Jeramey Jannene
Eyes on Milwaukee

Mayor Johnson Moves to Concordia Neighborhood

A new house for new mayor, who buys historic mansion on Near West Side.

By - Aug 29th, 2022 11:00 am
Mayor Cavalier Johnson purchased a new home in the Concordia neighborhood. Photo by Jeramey Jannene.

Mayor Cavalier Johnson purchased a new home in the Concordia neighborhood. Photo by Jeramey Jannene.

Mayor Cavalier Johnson has a new home in a new neighborhood to go with his new job.

Johnson and his wife Dominique sold their ranch house on N. 63rd St. near W. Capitol Dr. and purchased a 120-year-old mansion in the city’s Historic Concordia neighborhood on the city’s near West Side.

The Johnsons paid $350,000 for the Tudor Revival-style house, which city assessment records indicate has 4,094 square feet of finished space. It’s a price per square foot that would make mayors in virtually every other major American city jealous, and a large vote of confidence by Johnson in the future of the Near West Side.

The house is in a location nearly as diverse as the city. Within a couple blocks, the mayor can find an office building, a high school, multiple apartment buildings and a mix of single-family and duplex houses. At least one of the apartment buildings is a subsidized affordable housing development, while another is owned by one of the city’s largest landlords and its most prolific evictor, Berrrada Properties.

Like most of the Concordia neighborhood houses, the Johnsons’ home was designed by a notable architecture firm. The three-story structure was designed by Ferry & Clas, the same firm that designed the Central Library, Cathedral of St. John the Evangelist and Pabst Mansion. The firm also designed the Tripoli Shrine Center, a neighborhood landmark along W. Wisconsin Ave.

The neighborhood, a mix of mansions in various states of repair, apartment buildings and the former college campus, is bounded by W. Highland Blvd., W. Wisconsin Ave., N. 27th St. and N. 35th St. “Living in the city doesn’t get more convenient than this,” says the Historic Concordia Neighbors website while listing the proximity to a number of popular Milwaukee attractions. The organization can add City Hall to the list, Johnson will make the 2.5-mile trip daily with his security detail. The new residents missed their opportunity to participate in the neighborhood’s annual June home tour, but they can still catch the neighborhood association’s annual meeting on Oct. 18.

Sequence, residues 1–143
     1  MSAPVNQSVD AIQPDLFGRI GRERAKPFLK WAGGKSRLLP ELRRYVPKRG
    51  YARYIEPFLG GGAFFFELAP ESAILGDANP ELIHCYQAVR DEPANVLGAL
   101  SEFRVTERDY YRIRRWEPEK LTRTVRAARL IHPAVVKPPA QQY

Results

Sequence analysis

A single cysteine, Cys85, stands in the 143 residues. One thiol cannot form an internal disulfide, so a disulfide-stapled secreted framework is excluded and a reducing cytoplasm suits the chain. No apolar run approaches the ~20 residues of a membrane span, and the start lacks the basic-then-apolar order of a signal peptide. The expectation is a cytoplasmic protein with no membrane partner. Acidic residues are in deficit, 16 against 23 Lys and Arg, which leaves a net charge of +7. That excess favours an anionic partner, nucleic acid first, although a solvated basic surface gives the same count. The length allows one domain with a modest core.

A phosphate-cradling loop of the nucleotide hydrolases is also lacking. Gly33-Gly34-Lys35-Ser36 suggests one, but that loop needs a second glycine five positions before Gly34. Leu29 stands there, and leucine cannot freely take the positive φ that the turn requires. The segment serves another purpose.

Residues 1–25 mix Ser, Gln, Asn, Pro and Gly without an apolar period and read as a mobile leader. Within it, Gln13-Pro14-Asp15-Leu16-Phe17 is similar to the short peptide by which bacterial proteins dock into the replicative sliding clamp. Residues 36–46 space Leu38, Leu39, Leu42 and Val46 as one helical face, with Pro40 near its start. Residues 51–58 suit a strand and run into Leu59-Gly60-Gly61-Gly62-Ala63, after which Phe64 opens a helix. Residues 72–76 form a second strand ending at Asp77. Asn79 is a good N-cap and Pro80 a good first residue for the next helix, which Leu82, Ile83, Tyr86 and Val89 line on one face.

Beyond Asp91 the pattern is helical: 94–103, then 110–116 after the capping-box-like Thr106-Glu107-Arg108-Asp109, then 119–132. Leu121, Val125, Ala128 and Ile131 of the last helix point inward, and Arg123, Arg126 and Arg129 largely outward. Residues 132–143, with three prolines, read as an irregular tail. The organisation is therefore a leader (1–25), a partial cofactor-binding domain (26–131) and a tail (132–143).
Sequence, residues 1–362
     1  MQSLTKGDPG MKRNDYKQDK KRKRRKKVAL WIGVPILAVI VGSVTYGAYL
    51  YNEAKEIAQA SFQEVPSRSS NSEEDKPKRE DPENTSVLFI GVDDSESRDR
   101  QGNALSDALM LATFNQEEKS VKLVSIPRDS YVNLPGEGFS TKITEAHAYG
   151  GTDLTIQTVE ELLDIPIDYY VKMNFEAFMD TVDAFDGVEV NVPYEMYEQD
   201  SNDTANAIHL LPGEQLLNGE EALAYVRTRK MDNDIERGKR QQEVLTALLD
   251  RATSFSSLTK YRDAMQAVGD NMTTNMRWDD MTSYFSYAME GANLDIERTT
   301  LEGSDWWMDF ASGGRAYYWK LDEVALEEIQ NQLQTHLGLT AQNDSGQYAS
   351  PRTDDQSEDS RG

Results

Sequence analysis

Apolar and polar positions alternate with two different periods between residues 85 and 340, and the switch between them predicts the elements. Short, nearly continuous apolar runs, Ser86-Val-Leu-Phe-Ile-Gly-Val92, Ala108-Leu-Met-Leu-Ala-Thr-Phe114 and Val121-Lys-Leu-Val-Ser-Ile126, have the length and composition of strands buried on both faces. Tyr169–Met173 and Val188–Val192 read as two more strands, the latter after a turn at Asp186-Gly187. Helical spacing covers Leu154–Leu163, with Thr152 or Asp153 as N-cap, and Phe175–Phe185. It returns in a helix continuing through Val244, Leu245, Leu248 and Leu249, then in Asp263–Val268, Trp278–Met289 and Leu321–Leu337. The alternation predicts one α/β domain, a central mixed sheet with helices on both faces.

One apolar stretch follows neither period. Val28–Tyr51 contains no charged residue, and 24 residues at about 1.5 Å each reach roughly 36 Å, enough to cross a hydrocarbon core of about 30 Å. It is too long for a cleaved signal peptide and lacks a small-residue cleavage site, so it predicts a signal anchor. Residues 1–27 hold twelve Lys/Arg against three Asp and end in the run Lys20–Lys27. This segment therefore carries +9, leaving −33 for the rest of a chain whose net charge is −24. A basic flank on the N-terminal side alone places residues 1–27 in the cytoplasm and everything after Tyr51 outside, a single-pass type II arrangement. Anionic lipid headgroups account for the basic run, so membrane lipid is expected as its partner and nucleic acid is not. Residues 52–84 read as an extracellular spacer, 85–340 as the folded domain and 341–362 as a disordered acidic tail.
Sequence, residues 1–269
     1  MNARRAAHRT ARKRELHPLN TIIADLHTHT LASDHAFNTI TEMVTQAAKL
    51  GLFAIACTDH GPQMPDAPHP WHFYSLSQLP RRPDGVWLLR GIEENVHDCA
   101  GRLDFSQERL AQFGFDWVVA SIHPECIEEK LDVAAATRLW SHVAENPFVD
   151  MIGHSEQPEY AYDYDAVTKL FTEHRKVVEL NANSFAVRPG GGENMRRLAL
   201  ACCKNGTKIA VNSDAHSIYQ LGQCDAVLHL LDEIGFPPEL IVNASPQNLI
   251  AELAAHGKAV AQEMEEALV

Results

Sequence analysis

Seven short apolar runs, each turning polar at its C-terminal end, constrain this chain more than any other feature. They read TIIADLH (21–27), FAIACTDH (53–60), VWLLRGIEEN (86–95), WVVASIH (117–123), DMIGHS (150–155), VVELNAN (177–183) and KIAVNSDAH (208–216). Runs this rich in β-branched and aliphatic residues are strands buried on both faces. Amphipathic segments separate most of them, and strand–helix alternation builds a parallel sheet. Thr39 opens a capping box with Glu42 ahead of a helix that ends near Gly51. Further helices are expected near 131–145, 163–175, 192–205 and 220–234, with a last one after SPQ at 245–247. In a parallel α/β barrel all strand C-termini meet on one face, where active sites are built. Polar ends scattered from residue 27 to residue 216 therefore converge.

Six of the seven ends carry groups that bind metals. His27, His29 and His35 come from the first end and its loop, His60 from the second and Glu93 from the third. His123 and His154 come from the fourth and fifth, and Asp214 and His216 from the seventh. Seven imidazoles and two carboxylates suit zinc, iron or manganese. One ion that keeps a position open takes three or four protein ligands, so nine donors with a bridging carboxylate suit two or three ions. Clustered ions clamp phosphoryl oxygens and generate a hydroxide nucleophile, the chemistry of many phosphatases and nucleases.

The mayor’s new home will be a boost to the city’s bottom line. The property was most recently owned by the tax-exempt Society of the Jesuits and home to members of the religious order. The Concordia neighborhood is located just west of the Marquette University campus. It was most recently assessed for $332,000.

The Johnsons had owned their prior home since 2016, acquiring it for $85,000. A ranch home built in 1955, they sold it on July 1 for $193,000. State real estate transfer records indicate the Johnsons were renting a house in Euclid Park on the city’s far southwest side in the interim.

The new house has a Walk Score of 70. “Most errands can be accomplished on foot,” says the walkability estimating service. But unlike virtually everyone else that would move closer to Downtown, the Johnsons Walk Score actually decreased. Their prior home scored a 75 given its proximity to Midtown Center, but until Johnson succeeds in his effort to combat reckless driving, that score of 75 might be a bit misleading.

Where did Milwaukee’s past mayors live? Tom Barrett has a home in the Washington Heights neighborhood and has spent his whole life on the city’s West Side, except for a short departures for college and, more recently, Luxembourg. John Norquist lived on S. 26th St., and like Johnson, moved after being elected, living there until he took a job in Chicago, where he still lives.

Johnson did not respond to a request for comment.

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One thought on “Eyes on Milwaukee: Mayor Johnson Moves to Concordia Neighborhood”

  1. nickzales says:

    I wonder when was the last time a mayor showed up in my 11th Aldermanic district? 100 years ago? I never saw Norquist or Barrett over here. Are they too busy cutting ribbons?

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